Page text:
What JD found was Buck, dressed in an old pair of jeans and an even older tee-shirt, walkman clipped to his back pocket, head phones on, scrubbing the floor. The pungent armour of bleach hit JD just before he ventured on to the damp floor in is bare feet, and he wisely stayed where he was in the doorway.

"Buck!" he all but shouted, but failed to get the older man's attention as he worked the long handled deck brush into the corners beside the deep fat fryer. "BUCK!" he shouted even louder.

Wilmington suddenly spun around, it took him a second to register who was standing there, than he pulled of the headphones and smiled at him.

"Sorry, did I wake you?" he asked. "Dropped the bucket." He waved in the direction of the galvanised bucket standing in the sink.

"No, I was awake anyway, came to investigate."

"So I see." Buck gestured to the bat.

Blushing and lowering the impromptu weapon, JD asked what he was doing at gone three in the morning.

"We could be inspected to tomorrow, I know you didn't get sick from here …"

"I do too, never though I did."

"Thanks, anyway I still don't want to give them any excuses, our records and food samples are all up to date, and we stripped and cleaned a few months back - but we closed for a day to do that, I can't afford to close in the summer, so I'm doing it now."

"We all did it in the spring, you can't do it all on your own in one night - no one could," JD argued.

"True, but I can do the floor, it's better than doing nothing. Go back to bed kid, you look like shit." JD didn't move. "Go on, you can't help, I'm be a few hours yet, see you in the morning."


JD went back up stairs but he couldn't sleep, sitting in the living room gently fondling Mac's ear he spotted Heather's laptop. When they realised she had left it behind Buck had called her mobile, but she said she didn't need it and could he look after it for her. A thought occurred to JD, an evil, crawling thought, a thought that was not worthy of him but it wouldn't go away. Even before he was aware what he was doing he had the computer open. Hacking was something he had been good at, but he hadn't done it in a while, he didn't really like it, the fear of being found out was a constant worry, and besides, he had never found anything very interesting. It helped that her laptop was the same make as his, and getting past her log-on code was ridiculously easy. He moved to 'My Documents' and surveyed the files. When he spotted one called 'Dunne' he had to open it. Curiosity turned to anger, shock and even horror as he read the contents of the file.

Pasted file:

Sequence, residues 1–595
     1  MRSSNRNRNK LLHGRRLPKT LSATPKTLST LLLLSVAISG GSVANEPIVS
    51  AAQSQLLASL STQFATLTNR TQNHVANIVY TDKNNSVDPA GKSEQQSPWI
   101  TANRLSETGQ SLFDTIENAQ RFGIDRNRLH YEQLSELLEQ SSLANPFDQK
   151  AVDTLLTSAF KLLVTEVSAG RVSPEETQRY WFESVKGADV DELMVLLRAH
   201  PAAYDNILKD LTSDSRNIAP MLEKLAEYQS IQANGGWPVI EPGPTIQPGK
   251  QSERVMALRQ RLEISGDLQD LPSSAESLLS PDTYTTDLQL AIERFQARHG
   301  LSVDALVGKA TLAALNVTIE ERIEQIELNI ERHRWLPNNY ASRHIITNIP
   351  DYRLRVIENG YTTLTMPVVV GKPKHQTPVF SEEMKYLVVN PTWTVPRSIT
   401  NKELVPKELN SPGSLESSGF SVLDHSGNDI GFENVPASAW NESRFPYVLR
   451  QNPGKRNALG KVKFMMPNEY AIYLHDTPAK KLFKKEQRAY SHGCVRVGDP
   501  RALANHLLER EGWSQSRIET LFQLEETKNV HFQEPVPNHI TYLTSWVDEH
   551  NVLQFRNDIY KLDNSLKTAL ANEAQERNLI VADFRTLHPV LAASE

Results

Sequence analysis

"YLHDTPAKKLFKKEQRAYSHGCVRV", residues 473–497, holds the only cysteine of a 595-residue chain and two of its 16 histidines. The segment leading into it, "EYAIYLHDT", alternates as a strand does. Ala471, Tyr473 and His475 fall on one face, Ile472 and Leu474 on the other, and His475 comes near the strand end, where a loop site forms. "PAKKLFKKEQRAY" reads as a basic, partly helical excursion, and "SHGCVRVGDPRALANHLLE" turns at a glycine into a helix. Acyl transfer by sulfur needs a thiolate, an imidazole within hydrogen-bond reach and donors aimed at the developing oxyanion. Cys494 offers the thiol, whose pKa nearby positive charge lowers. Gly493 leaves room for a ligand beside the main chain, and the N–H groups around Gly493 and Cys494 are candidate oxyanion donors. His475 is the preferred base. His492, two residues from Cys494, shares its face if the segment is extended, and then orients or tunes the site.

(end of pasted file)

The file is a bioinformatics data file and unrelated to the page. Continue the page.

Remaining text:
Part 8

"Tanner take the shot."

"Yes sir."

But he didn't he just lay there, squinting down the sights of his rifle. The target was a tall man, with greying hair in his late forties. He was dressed in camouflage fatigues with a colonel's insignia on them. He had a clear shot, but - the target was surrounded by his family, small children ran everywhere. There was no danger of him hitting one of the children, but he didn't want them to see the man die, see his head explode as a high-powered soft-tip bullet hit it. No child should see their uncle, cousin, maybe even their father die like that. He just couldn't do that to those children. The man was a war criminal, a leader of the most radical of radical nationalists, responsible for mass ethnic cleansing and genocide, he had personally tortured and murdered dozens. But the children were innocent; they didn't deserve those memories.

"Corporal take the shot now!" the captain hissed.

Vin fired, the bullet missed the man by a whisker and shattered the water barrel behind him. The adults reacted instantly, gathering the children and taking cover.

"Sorry sir."*

Vin sat up in bed instantly. He was gasping for breath, and sweating. Getting shakily to his feet he made it to the main cabin and drew himself a glass of water, which he downed in one gulp. Finally he sat down in the dark cabin and tried to sort his thoughts out. At least this time he dreamed it as it happened, more than once he dreamt he hit the target and watched the children scream, on other occasions he dreamed he hit one of the children. The C.O. had officially accepted it was a genuine miss, Vin was only 19, it was his first 'cold kill' mission, he was bound to be nervous. If he suspected it was a very deliberate miss he never said anything.